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Wednesday, 8 February 2012

Redknapp found not guilty of tax evasion

London: Harry Redknapp has been cleared on all counts of tax evasion charges by a jury at Southwark Crown Court. The jury of eight men and four women returned a unanimous 'not guilty' judgement following five-and-a-half hours of deliberations.

Redknapp's co-accused Milan Mandaric was also cleared of two counts of cheating the public revenue. The charges for both men stemmed from their time as manager and owner of Portsmouth respectively.

Later, Redknapp took to the court steps to thank those who had supported him throughout a case he described as "a nightmare" and "absolutely horrendous".

He said: "It really has been a nightmare. It's been five years and this is a case that should never have come to court. It was a unanimous decision so there was no case to answer.

"I'm pleased we can go home and get on with our lives."

When the jury forewoman had delivered the verdict at 11:35am on the 13th day of the trial Redknapp smiled, puffed out his cheeks in relief and looked over to his son Jamie Redknapp in the public gallery.

The Spurs manager was embraced by Mandaric, who was sat alongside him in the dock, and the Serbian millionaire drew Redknapp's head into his shoulder.

Redknapp junior clasped his hands together in relief whilst Kevin Bond, his father's long-time friend and No2 on the Spurs coaching staff, smiled in the public gallery.

There were also smiles from a posse of Spurs officials, including directors Darren Eales and Donna Cullen, and League Managers' Association chief executive Richard Bevan, who have supported Redknapp throughout the majority of the trial.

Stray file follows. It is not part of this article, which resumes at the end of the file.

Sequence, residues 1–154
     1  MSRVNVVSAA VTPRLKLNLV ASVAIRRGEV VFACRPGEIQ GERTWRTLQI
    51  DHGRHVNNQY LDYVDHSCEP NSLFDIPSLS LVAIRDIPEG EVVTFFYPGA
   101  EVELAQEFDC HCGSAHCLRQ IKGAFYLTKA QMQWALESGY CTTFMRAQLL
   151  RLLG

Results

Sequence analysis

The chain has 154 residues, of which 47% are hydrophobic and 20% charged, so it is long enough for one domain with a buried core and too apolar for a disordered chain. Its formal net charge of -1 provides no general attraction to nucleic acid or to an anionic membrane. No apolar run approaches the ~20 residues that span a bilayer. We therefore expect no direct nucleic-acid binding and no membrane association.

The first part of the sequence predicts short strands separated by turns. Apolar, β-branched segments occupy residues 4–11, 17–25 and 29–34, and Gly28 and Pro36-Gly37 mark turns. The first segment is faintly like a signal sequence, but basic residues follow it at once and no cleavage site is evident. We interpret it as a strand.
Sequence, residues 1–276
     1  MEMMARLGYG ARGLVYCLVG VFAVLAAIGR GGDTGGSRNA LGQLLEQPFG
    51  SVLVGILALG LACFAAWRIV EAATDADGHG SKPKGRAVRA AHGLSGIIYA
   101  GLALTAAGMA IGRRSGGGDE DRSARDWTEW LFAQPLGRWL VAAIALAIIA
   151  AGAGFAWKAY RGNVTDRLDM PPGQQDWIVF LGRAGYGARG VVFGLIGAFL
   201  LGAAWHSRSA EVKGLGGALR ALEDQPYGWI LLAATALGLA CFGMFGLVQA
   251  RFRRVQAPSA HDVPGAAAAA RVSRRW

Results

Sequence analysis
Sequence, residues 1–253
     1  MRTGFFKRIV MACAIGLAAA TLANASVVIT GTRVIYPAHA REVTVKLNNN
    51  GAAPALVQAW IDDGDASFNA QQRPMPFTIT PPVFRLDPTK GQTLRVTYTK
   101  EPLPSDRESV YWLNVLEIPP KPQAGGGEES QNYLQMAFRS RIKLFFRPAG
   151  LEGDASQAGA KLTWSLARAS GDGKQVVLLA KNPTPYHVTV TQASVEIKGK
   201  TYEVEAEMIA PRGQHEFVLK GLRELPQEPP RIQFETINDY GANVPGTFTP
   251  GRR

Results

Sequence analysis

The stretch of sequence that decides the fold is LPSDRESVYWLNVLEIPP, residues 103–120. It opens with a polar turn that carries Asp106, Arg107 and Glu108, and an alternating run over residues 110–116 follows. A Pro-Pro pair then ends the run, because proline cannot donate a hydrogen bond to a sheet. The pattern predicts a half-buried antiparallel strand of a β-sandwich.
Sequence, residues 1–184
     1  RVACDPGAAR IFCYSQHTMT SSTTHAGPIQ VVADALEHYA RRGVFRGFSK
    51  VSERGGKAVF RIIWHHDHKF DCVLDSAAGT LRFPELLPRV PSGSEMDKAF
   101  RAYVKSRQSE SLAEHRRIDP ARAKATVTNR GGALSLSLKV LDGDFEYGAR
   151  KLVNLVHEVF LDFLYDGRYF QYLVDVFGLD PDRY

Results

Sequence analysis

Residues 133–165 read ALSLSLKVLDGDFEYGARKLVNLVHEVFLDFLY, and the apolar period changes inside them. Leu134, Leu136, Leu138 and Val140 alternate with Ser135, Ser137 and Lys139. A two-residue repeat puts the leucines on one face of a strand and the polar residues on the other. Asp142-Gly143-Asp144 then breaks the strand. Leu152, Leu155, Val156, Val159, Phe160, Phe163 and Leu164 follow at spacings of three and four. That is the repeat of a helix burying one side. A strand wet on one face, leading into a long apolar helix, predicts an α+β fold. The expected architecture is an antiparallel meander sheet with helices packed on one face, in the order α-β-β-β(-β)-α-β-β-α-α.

Tottenham later released a statement expressing their delight with the verdict.

"Everyone at the club is delighted for Harry and his family," it read.

"This has been hanging over him for four years and the last two weeks have been particularly difficult. We are pleased to see this resolved and we all look forward to the rest of the season."

Former Pompey owner Mandaric also spoke outside the court, insisting the charges should never have been brought.

"I always believed in British justice system," he said.

"To suggest I would cheat the tax man is highly offensive to me, my family, associates and friends.

"I'm happy that my good name and reputation have been upheld. I never doubted the truth would prevail, nor the fact that the British justice system would come to the right conclusion.

"I'm delighted I have been cleared of totally unfounded allegations. It is clear they should never have been brought to the court."


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